Abstract: The emergence of COVID-19 in late 2019 and its subsequent growth into a global pandemic gave us all an uncomfortable first-hand experience of the messiness and uncertainty of developing science. It also led to a cottage industry in armchair epidemiology and a vast sea of contradictory opinions. Mathematical models provide a tool for cutting through some of that confusion, though models also have their limits. I will present the results of several mathematical models of COVID-19 epidemiology, testing, and vaccination that I have created over the past year, and discuss some of the challenges of modeling when the current state of knowledge is rapidly evolving.
Nov 5 James Sutton (Sociology)
Surviving Homicide: No Justice, No Peace
Abstract: Survivors of homicide, who are sometimes alternatively referred to as co-victims, invisible victims, secondary victims, and hidden victims, are the family members, friends, and significant others of those who are murdered. This project examines their experiences. Drawing from 29 in-depth qualitative interviews that I have conducted with homicide survivors over the past 4 months, I will provide you with insights into the unbearable pain and other unique challenges that this ignored population is forced to contend with.
While homicide is a common source of fascination and entertainment, it is absolutely devastating for those who experience it firsthand. The survivors that I have spoken with do not believe that they have received justice, and whether the homicide happened 2 months or 40+ years ago, they do not have “closure” and have not lived in peace. I will tell you why on Friday.
With an average time of 2 hours and 38 minutes, my conversations with survivors have been lengthy and comprehensive. A sample of themes that we have discussed in depth includes survivors’ experiences with grief, their difficulties with social interactions and relationships, their struggles with identity, their bereavement over time, their search for answers and meaning, their experiences with the justice system, their perceptions of justice, and their views on the death penalty and other punishments. Interlaced within these conversations have been retellings of difficult moments, including receiving death notifications, witnessing the violent death of a loved one, and facing a loved one’s murderer in court. Suffice it to say, the themes that I will cover on Friday will likely be difficult for many to listen to, which is unavoidable and necessary when giving voice to the experiences of homicide survivors.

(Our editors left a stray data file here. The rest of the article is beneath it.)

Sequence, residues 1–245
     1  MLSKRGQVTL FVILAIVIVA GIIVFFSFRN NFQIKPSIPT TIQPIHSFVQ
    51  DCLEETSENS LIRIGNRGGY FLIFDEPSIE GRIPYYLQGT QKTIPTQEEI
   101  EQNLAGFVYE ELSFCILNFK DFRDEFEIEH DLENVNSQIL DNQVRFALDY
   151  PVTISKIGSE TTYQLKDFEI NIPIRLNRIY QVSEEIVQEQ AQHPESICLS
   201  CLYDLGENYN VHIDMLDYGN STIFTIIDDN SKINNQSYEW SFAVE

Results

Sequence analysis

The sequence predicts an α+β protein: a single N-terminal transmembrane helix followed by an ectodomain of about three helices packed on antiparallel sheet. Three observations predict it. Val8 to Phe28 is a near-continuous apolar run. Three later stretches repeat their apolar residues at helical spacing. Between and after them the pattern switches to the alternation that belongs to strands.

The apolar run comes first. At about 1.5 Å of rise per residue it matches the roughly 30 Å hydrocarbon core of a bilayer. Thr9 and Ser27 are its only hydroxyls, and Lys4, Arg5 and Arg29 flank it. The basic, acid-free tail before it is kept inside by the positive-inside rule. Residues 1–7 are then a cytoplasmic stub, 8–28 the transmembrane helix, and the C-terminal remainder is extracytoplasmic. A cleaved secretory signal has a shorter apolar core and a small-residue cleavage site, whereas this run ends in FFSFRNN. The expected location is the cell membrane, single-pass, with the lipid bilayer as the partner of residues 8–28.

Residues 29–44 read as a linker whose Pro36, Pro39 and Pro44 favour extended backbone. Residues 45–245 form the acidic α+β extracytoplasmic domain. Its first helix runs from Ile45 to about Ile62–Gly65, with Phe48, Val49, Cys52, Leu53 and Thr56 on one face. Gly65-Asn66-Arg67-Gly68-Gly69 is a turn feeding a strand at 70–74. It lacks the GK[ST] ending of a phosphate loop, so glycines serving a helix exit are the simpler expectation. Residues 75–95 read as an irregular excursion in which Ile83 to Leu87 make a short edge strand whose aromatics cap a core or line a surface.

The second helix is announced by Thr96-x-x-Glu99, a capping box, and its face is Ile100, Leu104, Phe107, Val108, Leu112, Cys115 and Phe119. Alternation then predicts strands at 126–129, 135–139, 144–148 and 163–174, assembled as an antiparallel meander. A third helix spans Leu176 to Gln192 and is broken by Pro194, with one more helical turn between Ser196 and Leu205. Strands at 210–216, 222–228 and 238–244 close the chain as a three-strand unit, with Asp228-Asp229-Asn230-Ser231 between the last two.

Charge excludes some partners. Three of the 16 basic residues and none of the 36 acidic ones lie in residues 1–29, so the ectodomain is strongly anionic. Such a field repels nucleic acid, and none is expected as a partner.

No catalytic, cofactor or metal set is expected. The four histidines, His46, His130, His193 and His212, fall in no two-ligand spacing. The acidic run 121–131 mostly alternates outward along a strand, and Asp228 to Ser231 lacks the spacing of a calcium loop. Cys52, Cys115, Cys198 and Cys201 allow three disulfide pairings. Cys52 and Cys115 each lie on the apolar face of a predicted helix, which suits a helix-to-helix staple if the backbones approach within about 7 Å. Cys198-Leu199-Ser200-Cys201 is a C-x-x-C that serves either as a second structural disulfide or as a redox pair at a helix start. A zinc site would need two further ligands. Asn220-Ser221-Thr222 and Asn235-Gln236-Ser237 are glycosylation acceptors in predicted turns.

Nov 12 Kevin Dunn (Political Science)
School of Global Studies Proposal: a history and overview
Abstract: I will be discussing the development of the School of Global Studies proposal, from its inception to the comparative research on other schools to its current iteration. This umbrella institution seeks to bring together global languages, regional area studies, Anthropology and International Relations at HWS to improve administrative and curricular efficiencies, resulting inbetter coordination among our constituent departments and programs; ranging from the alignment of existing majors with school-level cohort courses to coordination in course scheduling and event planning. The School seeks to build upon on the many well-established strengths of HWS, from its historic dedication to interdisciplinarity and collaboration to its award-winning CGE, to make HWS a more distinctive institution.
Nov 19 Nick Metz (Geoscience)
Rivers in the Sky: A Climatology of Atmospheric Rivers over the Northeast U.S.
Abstract: Atmospheric rivers are long, narrow streams of water vapor in the atmosphere that are associated with large-scale mid-latitude regions of disturbed weather. These have been studied extensively along the west-coast of the United States and are responsible for much of their wintertime precipitation and many types of high-impact weather events in this region. This study is the first to provide a comprehensive examination of these atmospheric rivers in the northeast and was a collaboration with six summer research students. This presentation will reveal the ubiquity of these atmospheric rivers in the northeast and their relationship to precipitation, snowfall, weather warnings, and streamflow.
Dec 3 TBA